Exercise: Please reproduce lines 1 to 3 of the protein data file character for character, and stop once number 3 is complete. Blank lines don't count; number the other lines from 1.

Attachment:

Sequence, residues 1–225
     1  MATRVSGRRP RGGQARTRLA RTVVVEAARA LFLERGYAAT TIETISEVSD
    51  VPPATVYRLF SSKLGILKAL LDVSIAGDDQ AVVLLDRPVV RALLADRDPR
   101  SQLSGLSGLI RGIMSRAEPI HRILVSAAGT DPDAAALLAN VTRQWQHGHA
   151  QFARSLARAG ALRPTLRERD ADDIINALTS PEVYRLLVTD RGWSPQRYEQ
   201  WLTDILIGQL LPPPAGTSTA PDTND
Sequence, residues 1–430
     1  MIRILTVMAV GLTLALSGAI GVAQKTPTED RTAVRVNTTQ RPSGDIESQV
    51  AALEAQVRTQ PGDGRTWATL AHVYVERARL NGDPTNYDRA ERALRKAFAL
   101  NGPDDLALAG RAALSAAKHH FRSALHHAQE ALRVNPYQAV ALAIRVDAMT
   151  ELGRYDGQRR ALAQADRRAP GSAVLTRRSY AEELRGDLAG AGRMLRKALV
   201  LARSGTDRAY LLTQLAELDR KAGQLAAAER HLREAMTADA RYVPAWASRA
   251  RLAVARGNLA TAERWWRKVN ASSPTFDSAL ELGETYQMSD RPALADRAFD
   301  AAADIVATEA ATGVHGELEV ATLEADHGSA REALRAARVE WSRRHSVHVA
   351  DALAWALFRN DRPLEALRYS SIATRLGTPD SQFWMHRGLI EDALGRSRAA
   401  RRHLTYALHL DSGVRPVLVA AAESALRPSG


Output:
Sequence, residues 1–225
     1  MATRVSGRRP RGGQARTRLA RTVVVEAARA LFLERGYAAT TIETISEVSD
    51  VPPATVYRLF SSKLGILKAL LDVSIAGDDQ AVVLLDRPVV RALLADRDPR